From the 1500s onwards, many French explorers set off on voyages in a race across the world, competing against neighboring Europeans. The great French navigators and explorers were in search of knowledge and resources, to discover new lands that were beyond their maps and search for riches in far off places.
Spaniard Christopher Columbus had already tried to lay claim to the Americas on behalf of the Spanish Kings, bringing trade routes and much wealth back home. The French were eager to do the same.
From Louisiana, Quebec, eastern Canada, Haiti, the Caribbean islands, East Asia and much more, the French used their sailing skills and superior navy to explore territories, competing with the English, Dutch, and Spanish sailors and privateers in a race to be the first.
Their discoveries were to bring to light new worlds and cultures and increase European knowledge about the globe. But this side of French history also had a dark side. From colonialism, slavery, and cultural genocide, these explorations did not always end up being benevolent.
Nonetheless, they are remembered in history with many a book and monument written about their endeavours. Often, these tales are taken for granted, without accounting for the risk these men took (because they were mostly men) away from their families.
And so with that, here are a few famous French explorers that navigated the globe and changed history. Allons-y!
1. Jacques Cartier – Canada
In 1534, a Frenchman named Jacques Cartier set off from Saint-Malo on the west coast of France to discover a western passage to the wealthy markets of Asia.
He actually ended up on the east coast of Canada, in the gulf of the St. Lawrence river, landing in what is today Quebec.
Under the commission of French King François I, he would make several trips to the area, encountering the local Iroquois, with each encounter becoming more and more adversarial. It was the start of the French invasion and settlement of lands in the Americas.
Several monuments have been named for him such as:
- Jacques-Cartier River, a tributary of the St. Lawrence River
- Jacques Cartier Park in Gatineau, Quebec
- Jacques Cartier Bridge, near Montreal, Quebec
- Jacques Cartier Provincial Park, near Alberton, PEI
- Jacques-Cartier State Park, in St. Lawrence County, New York
- Place Jacques-Cartier, a square in Old Montreal
2. Samuel de Champlain – Quebec and East coast of Americas
Following in the footsteps of Cartier, was Samuel de Champlain who born in the Charente Maritime in Nouvelle Aquitaine, France. In 1603, he began travelling to the Americas, landing all along the coast from the Carribean to Mexico, Vermont to Nantucket and Newfoundland.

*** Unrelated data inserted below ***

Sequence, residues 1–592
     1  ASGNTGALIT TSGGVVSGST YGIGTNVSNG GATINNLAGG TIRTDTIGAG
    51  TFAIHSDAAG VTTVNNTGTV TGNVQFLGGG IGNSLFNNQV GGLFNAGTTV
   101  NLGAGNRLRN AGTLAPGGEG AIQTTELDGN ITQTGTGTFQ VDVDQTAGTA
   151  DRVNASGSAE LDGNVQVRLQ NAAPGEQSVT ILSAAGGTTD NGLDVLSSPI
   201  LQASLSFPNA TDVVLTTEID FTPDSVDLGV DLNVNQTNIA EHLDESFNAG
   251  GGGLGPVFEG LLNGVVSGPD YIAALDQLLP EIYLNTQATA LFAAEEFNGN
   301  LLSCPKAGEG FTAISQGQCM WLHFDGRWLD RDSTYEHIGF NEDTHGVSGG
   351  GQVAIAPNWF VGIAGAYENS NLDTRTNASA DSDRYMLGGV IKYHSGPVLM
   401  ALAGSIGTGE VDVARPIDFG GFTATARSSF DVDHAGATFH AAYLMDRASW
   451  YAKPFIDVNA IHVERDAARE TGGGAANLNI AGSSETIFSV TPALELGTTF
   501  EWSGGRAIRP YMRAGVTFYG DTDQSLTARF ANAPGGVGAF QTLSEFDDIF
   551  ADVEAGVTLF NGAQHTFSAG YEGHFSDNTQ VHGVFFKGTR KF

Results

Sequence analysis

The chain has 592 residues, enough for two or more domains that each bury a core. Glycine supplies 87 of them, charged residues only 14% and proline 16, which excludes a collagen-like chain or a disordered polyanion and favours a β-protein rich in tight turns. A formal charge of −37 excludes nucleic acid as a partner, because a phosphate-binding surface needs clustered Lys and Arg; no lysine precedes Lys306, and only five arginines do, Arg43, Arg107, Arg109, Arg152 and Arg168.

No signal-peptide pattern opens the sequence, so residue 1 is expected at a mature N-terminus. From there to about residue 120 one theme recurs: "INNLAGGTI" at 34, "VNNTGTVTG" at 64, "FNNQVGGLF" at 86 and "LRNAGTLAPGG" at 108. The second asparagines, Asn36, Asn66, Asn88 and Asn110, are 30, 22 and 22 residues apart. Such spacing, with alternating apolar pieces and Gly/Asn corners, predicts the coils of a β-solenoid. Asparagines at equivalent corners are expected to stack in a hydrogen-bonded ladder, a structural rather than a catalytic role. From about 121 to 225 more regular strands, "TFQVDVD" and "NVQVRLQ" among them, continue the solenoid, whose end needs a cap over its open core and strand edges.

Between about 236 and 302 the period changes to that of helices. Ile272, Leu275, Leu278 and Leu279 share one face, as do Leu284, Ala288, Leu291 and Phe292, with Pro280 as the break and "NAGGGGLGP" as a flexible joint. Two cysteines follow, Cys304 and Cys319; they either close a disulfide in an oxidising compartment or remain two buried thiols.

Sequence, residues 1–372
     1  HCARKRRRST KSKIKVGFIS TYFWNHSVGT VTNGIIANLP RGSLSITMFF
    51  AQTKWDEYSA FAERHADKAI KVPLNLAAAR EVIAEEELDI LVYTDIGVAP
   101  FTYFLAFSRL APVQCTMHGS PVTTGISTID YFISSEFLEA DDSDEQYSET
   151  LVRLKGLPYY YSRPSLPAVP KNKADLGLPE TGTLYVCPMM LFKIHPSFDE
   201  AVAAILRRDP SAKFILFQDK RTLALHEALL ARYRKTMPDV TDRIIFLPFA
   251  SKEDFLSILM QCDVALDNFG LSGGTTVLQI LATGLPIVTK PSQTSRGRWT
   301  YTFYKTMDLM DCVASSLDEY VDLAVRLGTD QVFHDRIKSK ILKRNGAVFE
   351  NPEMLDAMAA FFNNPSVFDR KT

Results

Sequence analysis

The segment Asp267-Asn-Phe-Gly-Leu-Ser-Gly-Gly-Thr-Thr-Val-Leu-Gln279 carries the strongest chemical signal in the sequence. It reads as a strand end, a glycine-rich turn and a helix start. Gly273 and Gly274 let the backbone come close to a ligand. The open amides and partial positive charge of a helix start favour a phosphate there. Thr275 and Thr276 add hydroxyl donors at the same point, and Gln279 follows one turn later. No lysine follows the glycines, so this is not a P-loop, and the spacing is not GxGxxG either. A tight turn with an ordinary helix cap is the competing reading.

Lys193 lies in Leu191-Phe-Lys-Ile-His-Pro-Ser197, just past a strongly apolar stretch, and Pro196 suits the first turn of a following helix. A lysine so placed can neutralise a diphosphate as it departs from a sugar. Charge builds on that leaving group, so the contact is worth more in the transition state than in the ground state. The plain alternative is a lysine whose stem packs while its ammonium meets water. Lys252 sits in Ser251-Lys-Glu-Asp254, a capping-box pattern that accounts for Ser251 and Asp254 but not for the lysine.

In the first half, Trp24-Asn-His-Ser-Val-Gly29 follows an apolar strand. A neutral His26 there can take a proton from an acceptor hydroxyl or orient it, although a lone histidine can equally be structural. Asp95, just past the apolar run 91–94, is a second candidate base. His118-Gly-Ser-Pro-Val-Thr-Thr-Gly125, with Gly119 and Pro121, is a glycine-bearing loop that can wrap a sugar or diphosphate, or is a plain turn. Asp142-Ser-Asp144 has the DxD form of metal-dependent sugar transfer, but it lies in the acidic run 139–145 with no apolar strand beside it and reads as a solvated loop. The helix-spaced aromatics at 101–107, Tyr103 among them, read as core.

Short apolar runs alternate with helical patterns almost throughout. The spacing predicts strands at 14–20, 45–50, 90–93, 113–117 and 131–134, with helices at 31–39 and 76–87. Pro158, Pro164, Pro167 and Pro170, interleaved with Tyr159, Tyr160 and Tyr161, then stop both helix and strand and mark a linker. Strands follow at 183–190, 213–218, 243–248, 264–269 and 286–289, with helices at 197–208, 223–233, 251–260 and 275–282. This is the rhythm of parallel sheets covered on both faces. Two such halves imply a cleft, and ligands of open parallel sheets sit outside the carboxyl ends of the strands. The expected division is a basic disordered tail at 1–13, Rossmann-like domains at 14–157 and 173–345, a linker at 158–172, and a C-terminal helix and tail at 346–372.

He would go on to establish Quebec City in the colony of Nouvelle France (New France). His settlement would lead to the destruction of the Iroquois and Native American way of life, and an eventual conflict with the English.
Several monuments have been named after Champlain, which include:
- Lake Champlain in the USA, Champlain Valley, the Champlain Trail Lakes.
- Champlain Sea: near the Atlantic Ocean around the St. Lawrence
- Champlain Mountain, Acadia National Park
- A town and village in New York, as well as a township in Ontario and a municipality in Quebec.
- Electoral district of Champlain, Quebec
- Samuel de Champlain Provincial Park, a provincial park in northern Ontario.
- Champlain Bridge, near Montreal, Quebec
- Champlain Bridge, near Ottawa, Ontario and Gatineau, Quebec.
3. Philippe de Corguilleray – Brazil
Around the same time that Jacques Cartier was heading to Canada, another famous French explorer and navigator, Philippe de Corguilleray was heading towards South America.
He was born in Bourgogne in France (Burgundy) and was a nobleman and Calvinist and Huguenot, who would go on to become a colonialist.
With a French fleet of ships containing settlers, he left from Honfleur in 1556 and landed in Cabo Frio and Guanabara, Brazil. Their goal was to populate the small French colony of Fort Coligny located in what was called Antarctic France in Brazil.
4. Augustin de Beaulieu – East Indies
Augustin de Beaulieu was a French general born in Rouen, who travelled everywhere from Cape Town in South Africa and Madagascar, to Aceh in Indonesia.
In 1619, he would lead an armed expedition to the East Indies, fighting off to the Dutch who also had plans for a settlement around the island of Sumatra.